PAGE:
"And these fringes will be tzitzit for you: you wiull see them and remember all G-d's commandments and do them . . . "
Parashat Shelach concludes with a passage, familiar from the recitation of the shema, outlining the mitzvah of tzitzit, i.e. of having fringes hanging from the corners of garments. Many interesting symbolic structures have been built out of the details of this mitzvah. My purpose in this dvar Torah is simply to share one such structure with you, that of Rav Meir Simkhah of Dvinsk in his Meshekh Chokhmah.
We begin with a name of God, Shin dalet yud, or Shakkai. The midrah interprets this as a contraction of "sheamar dai", "Who said enough". About what did He say enough, and to whom? The Midrash tells us that the world, as originally created, resembled two balls of thread unwinding perpendicularly to one another, like the warp and woof of a loom. G-d told these balls of thread to stop unwinding. For those of us with an interest in modern physics, the temptation to translate this as "G-d told the universe to stop expanding" is overwhelming. Rav Meir Simkhah, however, says that G-d told the universe to remain incomplete so as to leave room for human beings, through their free will, to complete it.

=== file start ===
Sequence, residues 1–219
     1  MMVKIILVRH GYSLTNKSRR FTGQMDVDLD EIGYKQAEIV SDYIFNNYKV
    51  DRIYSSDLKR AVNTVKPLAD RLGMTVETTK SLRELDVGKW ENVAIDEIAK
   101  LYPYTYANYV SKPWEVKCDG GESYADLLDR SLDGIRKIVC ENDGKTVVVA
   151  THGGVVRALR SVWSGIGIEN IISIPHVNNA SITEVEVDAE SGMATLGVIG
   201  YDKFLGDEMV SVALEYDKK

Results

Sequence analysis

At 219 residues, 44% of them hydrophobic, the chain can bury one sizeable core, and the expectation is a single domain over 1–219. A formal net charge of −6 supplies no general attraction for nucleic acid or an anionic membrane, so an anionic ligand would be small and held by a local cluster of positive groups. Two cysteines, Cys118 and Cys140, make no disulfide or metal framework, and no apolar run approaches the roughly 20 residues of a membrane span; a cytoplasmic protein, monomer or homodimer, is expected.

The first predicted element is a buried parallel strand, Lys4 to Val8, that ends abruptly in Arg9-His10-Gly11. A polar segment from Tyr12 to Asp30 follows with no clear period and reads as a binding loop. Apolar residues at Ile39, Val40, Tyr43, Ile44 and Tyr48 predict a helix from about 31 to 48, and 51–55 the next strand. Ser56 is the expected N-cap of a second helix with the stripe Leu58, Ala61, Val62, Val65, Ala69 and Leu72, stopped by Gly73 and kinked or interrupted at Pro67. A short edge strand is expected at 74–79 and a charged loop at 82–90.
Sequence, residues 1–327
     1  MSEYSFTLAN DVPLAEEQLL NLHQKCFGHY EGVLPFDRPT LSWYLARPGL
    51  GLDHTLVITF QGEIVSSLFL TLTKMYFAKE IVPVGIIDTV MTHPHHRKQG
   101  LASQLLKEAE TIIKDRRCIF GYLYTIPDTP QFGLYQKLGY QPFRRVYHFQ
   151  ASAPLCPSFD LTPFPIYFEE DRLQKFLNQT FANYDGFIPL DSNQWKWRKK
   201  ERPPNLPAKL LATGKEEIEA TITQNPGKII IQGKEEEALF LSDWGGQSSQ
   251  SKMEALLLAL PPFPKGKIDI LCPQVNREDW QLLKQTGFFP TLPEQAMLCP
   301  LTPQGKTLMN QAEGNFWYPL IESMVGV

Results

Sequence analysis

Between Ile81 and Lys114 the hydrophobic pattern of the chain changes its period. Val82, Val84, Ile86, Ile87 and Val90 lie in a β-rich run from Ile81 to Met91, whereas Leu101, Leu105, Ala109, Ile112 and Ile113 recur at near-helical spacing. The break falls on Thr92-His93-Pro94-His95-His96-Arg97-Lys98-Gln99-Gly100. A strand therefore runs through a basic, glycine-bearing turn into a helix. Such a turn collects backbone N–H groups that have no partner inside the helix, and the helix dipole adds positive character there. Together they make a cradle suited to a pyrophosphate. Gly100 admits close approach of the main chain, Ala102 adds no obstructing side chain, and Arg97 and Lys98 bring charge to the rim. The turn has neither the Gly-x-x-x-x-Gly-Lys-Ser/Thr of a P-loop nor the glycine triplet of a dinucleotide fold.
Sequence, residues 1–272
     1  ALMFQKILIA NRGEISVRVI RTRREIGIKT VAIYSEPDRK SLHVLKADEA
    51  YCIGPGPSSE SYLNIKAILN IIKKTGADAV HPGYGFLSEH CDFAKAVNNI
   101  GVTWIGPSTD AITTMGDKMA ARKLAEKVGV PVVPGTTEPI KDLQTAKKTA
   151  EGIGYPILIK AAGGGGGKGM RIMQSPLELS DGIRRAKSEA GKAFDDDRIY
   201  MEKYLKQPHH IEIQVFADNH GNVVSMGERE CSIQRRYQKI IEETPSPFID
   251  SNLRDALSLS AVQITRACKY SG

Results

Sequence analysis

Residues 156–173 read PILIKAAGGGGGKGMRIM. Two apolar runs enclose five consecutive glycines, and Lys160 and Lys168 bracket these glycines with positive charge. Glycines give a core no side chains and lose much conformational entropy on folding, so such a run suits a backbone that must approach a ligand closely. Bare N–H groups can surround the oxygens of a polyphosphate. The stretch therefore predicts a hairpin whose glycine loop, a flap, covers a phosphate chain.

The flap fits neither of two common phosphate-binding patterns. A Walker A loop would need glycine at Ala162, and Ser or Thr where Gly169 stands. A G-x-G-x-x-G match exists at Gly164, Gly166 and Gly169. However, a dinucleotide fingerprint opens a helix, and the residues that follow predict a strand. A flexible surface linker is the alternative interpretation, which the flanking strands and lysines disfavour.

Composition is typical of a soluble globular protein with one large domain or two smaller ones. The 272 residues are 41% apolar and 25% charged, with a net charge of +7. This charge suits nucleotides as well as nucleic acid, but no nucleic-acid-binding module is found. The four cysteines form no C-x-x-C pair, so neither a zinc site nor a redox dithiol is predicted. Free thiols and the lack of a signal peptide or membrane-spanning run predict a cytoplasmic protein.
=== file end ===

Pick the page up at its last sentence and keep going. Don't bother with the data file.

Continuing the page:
A kabbalistic koan: How does one see the invisible? By dressing it. G-d makes himself visible by weaving clothing for Himself, by weaving the world. Thus the universe resembles the warp and woof of a loom. Our clothing, then, is symbolic of the world G-d wove to manifest His presence. We are commanded, therefore, to let threads hang from our clothing, to make them appear unfinished, thus reminding ourselves that G-d left the world unfinished so as to grant us the opportunity to perfect it.